“If that stands, they will allow these trials to go on in Florida this summer,” Adelman said.
In addition to the Zika virus, Adelman said aggressive mosquito control measures can prevent similar endemics with new and unknown arboviruses the mosquitoes may be capable of carrying.
“One of the really strong benefits that I see in reducing or eliminating mosquito populations is what I call ‘fighting the devil you don’t know’,” he said. “Many other viruses have been identified, but they haven’t yet been associated with large-scale disease outbreaks. Having these mosquitoes hang around our house is just a recipe for what’s next. We have Zika now … we had chikungunya … there’s going to be another one. If you can suppress or get rid of those mosquito populations, you’re not just doing yourself a favor for now, but for the future.”
Mosquito extermination raises ethical concerns
Despite these benefits, other experts, including Sahotra Sarkar, PhD, of the department of philosophy at the University of Texas, said there needs to be more public discussion on the ethical issues of intentionally eliminating an entire species.
“Some environmental ethicists argued that if we try to eliminate a species, we are doing something that we really shouldn’t be doing. We are playing God,” Sarkar said during the conference. “This is probably an influential political argument, and it needs to be debated.”
Sarkar raised several questions regarding the efficacy of genetically modified mosquitoes and how much control people would have over the technology if it was used.
“The first question is, if we eliminate A. aegypti, will we eliminate Zika?” Sarkar asked.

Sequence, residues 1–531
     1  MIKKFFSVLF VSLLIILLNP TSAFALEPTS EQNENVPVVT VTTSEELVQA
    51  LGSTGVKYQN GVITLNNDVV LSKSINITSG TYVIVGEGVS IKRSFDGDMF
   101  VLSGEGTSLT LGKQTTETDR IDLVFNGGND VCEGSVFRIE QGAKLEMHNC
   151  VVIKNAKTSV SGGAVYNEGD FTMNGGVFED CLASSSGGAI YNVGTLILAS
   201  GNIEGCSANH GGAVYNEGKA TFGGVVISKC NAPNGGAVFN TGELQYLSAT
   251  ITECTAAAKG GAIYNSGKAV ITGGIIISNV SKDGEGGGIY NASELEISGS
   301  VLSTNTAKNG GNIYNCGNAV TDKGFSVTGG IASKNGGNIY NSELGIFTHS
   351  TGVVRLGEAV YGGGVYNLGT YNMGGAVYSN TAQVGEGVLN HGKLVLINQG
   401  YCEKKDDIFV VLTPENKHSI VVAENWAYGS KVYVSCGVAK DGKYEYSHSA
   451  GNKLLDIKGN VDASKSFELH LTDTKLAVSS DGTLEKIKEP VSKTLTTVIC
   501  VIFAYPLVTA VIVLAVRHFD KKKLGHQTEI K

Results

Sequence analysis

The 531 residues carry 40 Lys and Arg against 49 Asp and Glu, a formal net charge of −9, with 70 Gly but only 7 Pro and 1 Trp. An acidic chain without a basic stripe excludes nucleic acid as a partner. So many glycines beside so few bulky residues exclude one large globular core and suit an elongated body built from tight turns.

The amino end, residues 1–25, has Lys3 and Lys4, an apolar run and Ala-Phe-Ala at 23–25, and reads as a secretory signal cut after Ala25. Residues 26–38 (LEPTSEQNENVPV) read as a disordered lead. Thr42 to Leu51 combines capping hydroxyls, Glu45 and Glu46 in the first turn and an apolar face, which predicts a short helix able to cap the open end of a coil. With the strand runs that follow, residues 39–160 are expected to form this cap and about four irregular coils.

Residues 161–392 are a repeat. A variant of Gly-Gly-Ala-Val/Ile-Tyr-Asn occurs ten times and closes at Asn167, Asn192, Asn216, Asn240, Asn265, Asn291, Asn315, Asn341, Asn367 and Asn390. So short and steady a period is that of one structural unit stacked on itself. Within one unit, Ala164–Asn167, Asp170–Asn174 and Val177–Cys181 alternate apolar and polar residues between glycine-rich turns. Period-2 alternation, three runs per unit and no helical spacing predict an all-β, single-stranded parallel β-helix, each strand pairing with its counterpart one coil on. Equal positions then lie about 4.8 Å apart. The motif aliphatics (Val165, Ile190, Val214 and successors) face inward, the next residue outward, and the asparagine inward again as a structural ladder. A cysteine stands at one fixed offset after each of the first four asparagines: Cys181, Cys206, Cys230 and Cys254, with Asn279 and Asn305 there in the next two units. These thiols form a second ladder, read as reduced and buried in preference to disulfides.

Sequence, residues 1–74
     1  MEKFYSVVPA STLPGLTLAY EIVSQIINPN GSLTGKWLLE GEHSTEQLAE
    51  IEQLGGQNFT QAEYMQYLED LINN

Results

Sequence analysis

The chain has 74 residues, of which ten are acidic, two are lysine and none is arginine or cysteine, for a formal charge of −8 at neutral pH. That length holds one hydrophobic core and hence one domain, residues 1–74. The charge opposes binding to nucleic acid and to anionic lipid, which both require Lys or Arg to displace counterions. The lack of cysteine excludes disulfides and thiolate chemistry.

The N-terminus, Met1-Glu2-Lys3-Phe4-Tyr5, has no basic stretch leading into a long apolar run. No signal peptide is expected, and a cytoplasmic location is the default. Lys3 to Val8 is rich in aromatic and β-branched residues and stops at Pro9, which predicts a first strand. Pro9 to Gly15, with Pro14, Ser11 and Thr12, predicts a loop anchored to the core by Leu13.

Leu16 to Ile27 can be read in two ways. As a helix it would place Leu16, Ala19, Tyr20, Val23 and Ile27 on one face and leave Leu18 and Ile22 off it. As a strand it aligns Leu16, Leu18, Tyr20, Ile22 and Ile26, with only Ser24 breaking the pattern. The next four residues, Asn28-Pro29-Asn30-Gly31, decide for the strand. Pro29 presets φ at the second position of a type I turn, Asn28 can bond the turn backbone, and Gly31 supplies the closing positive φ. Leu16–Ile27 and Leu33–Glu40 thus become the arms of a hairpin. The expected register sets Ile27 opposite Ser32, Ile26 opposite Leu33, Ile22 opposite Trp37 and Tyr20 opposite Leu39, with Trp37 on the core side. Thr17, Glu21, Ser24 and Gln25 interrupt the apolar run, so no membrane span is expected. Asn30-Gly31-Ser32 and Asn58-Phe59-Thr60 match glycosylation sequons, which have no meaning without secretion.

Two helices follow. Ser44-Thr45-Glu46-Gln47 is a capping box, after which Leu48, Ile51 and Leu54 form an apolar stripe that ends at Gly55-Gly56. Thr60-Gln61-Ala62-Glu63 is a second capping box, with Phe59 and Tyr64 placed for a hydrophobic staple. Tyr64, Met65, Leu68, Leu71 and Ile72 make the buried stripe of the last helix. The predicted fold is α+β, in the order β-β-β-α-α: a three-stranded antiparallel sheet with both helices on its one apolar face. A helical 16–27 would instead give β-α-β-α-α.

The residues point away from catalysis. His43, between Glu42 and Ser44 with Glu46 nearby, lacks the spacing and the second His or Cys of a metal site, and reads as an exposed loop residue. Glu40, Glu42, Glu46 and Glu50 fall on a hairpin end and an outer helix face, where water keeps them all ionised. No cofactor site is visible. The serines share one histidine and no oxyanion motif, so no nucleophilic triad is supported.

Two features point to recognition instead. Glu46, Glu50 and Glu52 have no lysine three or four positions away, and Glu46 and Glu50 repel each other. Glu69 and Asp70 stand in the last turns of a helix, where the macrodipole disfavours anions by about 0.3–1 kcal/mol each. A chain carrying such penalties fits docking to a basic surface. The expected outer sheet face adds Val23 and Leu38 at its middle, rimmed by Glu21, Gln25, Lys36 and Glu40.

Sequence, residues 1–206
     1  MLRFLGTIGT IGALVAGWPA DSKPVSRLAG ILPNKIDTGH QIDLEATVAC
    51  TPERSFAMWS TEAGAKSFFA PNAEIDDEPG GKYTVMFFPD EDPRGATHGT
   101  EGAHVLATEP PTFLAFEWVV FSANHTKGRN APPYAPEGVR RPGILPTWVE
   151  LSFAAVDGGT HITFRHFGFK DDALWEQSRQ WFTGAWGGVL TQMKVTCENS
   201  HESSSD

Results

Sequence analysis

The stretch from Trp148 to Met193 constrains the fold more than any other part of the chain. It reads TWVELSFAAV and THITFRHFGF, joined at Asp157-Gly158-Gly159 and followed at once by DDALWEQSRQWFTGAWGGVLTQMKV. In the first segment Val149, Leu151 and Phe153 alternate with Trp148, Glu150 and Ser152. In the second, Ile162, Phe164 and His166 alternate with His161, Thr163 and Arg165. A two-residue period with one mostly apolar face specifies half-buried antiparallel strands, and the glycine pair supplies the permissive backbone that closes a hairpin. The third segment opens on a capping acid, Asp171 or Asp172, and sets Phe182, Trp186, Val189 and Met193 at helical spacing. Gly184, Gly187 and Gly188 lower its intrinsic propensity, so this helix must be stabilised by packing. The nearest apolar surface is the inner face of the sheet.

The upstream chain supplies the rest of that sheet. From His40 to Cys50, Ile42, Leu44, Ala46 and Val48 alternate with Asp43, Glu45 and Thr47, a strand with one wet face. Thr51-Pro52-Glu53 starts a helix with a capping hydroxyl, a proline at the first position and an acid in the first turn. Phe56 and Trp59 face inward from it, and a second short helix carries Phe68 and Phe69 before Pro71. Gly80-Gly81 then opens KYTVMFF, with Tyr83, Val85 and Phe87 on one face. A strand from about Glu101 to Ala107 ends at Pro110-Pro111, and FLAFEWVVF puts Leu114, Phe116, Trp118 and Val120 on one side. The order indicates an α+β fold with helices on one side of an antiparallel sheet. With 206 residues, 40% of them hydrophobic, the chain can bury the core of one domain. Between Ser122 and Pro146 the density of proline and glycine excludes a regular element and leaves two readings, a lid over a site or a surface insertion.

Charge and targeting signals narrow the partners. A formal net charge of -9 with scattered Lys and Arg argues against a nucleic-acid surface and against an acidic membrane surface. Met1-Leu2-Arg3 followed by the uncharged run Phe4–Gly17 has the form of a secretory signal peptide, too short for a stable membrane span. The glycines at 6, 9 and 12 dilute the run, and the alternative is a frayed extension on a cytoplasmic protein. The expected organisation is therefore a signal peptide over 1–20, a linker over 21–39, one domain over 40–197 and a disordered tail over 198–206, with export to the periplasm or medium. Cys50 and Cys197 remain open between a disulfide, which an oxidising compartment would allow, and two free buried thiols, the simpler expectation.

He said the virus has been found in at least 10 species of different genera of mosquitoes, including Anopheles, Culex and Mansonia.
“In chikungunya, there has been some recent epidemics in which Aedes albopictus seems to be very seriously involved, Sarkar said. “There is suspicion, but not proof, that this is because of genetic changes in the virus. The same thing could happen in Zika virus.”
Another issue Sarkar mentioned is the lack of knowledge of whether technologies that can be used, if need be, to reverse gene drive will work for A. aegypti.
“The Zika crisis is real and growing, and the technology, if it’s not already there, we’re going to get there very, very soon,” Sarkar concluded. “We cannot avoid this for decades. We need a public discussion.” – by Stephanie Viguers
Oxitec. FDA Publishes Preliminary Finding of No Significant Impact on Oxitec’s Self-limiting Mosquito. http://www.oxitec.com/fda-preliminary-finding-no-significant-impact-oxitecs-self-limiting-mosquito/. Accessed March 16, 2016.
Disclosure: Adelman reports no relevant financial disclosures. Infectious Disease News was unable to confirm other relevant financial disclosures at the time of publication.